‘‘Of course we’re well aware that people can try to take advantage of a natural disaster like this, so we really stepped up our game, trying to be that extra layer of protection between those collecting money and donors,’’ he said.
Donors make online payments through WePay in the United States or through PayPal internationally. The funds are delivered directly into a payment account for those seeking help. Then they link their bank accounts to the payment sites to withdraw the funds. The funds can arrive within three to five days, or checks can be cut within a week. Damphousse said the payment sites are skilled at detecting risky transactions.
GoFundMe charges a 5 percent fee from each transaction for the service.
Successful campaigns typically start with friends and family, spread through acquaintances and draw only sparingly from complete strangers, he said.
‘‘The friends and family are the ones who are going to support you no matter what,’’ he said. ‘‘If you've got friends or family who are across the country and are out of power, of course it’s easier for you to support them online with a credit or debit card, rather than mailing a check or sending a card.’’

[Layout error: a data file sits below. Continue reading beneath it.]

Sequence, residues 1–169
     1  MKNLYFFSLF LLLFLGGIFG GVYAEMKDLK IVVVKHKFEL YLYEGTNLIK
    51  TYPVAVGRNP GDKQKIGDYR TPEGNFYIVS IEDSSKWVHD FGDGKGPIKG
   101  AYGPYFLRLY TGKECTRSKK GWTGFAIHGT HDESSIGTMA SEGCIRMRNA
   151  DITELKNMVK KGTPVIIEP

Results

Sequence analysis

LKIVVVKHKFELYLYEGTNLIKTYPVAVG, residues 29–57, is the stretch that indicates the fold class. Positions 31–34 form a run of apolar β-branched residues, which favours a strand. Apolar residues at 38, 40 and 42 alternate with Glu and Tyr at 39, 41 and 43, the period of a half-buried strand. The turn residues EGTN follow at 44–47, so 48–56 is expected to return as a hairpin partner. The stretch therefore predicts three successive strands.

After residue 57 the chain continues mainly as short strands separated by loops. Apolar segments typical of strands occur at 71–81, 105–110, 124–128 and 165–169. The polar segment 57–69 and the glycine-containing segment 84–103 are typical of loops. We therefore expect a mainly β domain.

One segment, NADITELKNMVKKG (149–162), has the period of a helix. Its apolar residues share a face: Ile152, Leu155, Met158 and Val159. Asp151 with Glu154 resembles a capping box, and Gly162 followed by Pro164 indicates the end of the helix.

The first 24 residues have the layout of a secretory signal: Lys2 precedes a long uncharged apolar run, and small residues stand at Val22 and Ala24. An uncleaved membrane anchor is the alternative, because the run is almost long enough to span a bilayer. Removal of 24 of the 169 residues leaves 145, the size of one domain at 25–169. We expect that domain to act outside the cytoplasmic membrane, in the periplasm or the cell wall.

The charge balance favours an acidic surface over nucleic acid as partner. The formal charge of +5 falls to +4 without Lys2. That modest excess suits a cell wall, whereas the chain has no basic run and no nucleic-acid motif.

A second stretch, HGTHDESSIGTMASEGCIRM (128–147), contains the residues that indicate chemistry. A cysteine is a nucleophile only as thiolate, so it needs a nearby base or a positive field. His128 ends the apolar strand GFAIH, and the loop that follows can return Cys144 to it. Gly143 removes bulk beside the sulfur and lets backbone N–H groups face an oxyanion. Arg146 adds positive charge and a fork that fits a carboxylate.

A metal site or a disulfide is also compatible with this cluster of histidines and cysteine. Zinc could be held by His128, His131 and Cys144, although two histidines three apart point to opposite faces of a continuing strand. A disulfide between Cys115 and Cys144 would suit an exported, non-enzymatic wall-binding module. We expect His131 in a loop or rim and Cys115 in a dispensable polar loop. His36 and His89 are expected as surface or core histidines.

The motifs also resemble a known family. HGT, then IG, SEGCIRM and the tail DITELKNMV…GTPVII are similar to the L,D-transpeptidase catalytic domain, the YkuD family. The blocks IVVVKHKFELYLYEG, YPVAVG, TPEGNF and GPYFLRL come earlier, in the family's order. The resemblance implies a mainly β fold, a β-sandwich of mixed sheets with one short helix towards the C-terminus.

Initial donations give a campaign credibility, or ‘‘social proof,’’ he said. Then friends and family can ask their friends for support as well through Facebook, Twitter or e-mail.
Some who lack power or Internet access have had friends set up their campaigns.
For Phyllis Puglia of Staten Island, N.Y., who lost her home and belongings, crowd funding has meant about $52,000 in support after her cousin, Josetta Maurer launched a campaign. Maurer created a page to tell Puglia’s story online. It was later featured on NBC’s ‘‘Rock Center.’’ Her initial fundraising goal was just $15,000.
The Good Fork restaurant in New York City’s Red Hook neighborhood has raised more than $53,000 through GoFundMe after telling how water filled the restaurant’s basement and continued up to the dining room.
Donors often leave comments of support on the fundraising sites.
‘‘We’re seeing individuals taking care of one another before some of these bigger organizations can get involved,’’ Damphousse said. ‘‘The process of giving is just so much more intimate and impactful sometimes than just throwing money into a larger organization and being unaware of where that money might be used.’’
Helpers Unite: http://www.helpersunite.com/
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